The general question as to the duty of the jury to receive the law from the court is not concluded by any direct decision of this court. But it has been often considered by other courts and by judges of high authority; and, where its determination has not been controlled by specific constitutional or statutory provisions expressly empowering the jury to determine both law and facts, the principle by which courts and juries are to be guided in the exercise of their respective functions has become firmly established. If this be true, this court should not announce a different rule, unless impelled to do so by reasons so cogent and controlling that they cannot properly be overlooked or disregarded. Some of the members of this court, after much consideration, and upon an extended review of the authorities, are of opinion that the conclusion reached by this court is erroneous, both upon principle and authority. For this reason, and because the question is of great importance in the administration of justice, and also involves human life, we deem it appropriate to state with more fullness than under other circumstances would be necessary the grounds upon which our judgment will rest, looking first to cases determined in the courts of the United States.
I am happy to debate this topic all night, this is one of the few areas where I fully agree with conservatives of the Libertarian stripe. Unfortunately I need to finish what I am doing here, but I'll come back to this thread later.

Last edited by Happy Fun Ball; 02-25-2011 at 05:01 PM..
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Old 02-25-2011, 05:20 PM
Arnold Winkelried Arnold Winkelried is offline
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This is turning into a jury nullification debate!

Our esteemed colleague, SDStaff Bricker, has this to say:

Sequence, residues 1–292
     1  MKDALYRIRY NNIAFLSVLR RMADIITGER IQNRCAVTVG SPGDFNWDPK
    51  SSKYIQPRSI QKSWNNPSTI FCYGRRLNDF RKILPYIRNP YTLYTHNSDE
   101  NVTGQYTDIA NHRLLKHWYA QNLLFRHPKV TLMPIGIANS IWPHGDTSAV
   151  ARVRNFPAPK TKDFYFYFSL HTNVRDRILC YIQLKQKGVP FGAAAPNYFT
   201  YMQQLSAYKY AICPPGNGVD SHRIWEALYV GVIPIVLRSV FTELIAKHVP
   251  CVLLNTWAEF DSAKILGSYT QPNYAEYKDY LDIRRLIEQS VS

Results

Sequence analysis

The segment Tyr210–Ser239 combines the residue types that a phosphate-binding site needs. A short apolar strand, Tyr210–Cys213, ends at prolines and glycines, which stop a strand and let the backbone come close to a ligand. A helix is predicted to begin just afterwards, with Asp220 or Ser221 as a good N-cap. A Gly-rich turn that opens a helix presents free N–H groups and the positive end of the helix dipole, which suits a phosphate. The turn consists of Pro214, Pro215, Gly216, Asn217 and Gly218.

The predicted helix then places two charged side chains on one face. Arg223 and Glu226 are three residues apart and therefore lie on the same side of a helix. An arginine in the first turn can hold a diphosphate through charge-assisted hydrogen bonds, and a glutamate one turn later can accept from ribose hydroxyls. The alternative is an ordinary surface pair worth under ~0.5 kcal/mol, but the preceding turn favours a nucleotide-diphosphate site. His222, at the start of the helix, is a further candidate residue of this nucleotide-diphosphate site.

Quote:
Originally Posted by Bricker
Is it legal for juries to ignore the law and substitute their own judgment? Yes, in the sense that there can be no criminal penalty for doing so and no reversal of a jury’s decision to acquit. Once a verdict is delivered, the double jeopardy clause protects the accused from reprosecution even if the jury’s verdict was a result of nullification. And a juror who steadfastly maintains that he simply wasn’t convinced by the evidence cannot be accused of any wrongdoing, no matter how thin his story may be. So while ignoring the law is not what the jury is supposed to do, the practical fact is that jurors cannot be stopped from doing it. In that sense, it’s legal.
To address the OP: I can't see how the person would be guilty of jury tampering. But I will have to go and read the article carefully.
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Old 02-25-2011, 05:34 PM
suranyi suranyi is offline
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Quote:
Originally Posted by L. G. Butts, Ph.D. View Post
Bullshit. I don't remember reading anywhere in the Constitution about jurors having to swear an oath in order to be a member of a jury. From Wikipedia (I know, Wikipedia is lame, but I am at work and cannot give this debate my full effort):
Whenever I've served on a jury, I've always had to swear an oath of some kind. This is in California.

I know that debates over jury nullification always creates strong emotions, but is it really that big a deal? There aren't that many cases where the existance of the law itself is at issue in a criminal proceeding. Mostly drug possession cases, I guess. But those hardly ever go to trial, at least in California.
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Old 02-25-2011, 05:47 PM
Oakminster Oakminster is online now
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Originally Posted by L. G. Butts, Ph.D. View Post

I am happy to debate this topic all night, this is one of the few areas where I fully agree with conservatives of the Libertarian stripe.
Ummm..I am a conservative of the libertarian stripe (small "l" intentional). If you agree, why are you arguing?
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Old 02-25-2011, 05:55 PM
Oakminster Oakminster is online now
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Originally Posted by suranyi View Post

I know that debates over jury nullification always creates strong emotions, but is it really that big a deal?
The ghost of Emmett Till thinks jury nullification sucks. I'd be willing to bet his mother feels the same way.
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Old 02-25-2011, 06:18 PM
suranyi suranyi is offline
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Quote:
Originally Posted by Oakminster View Post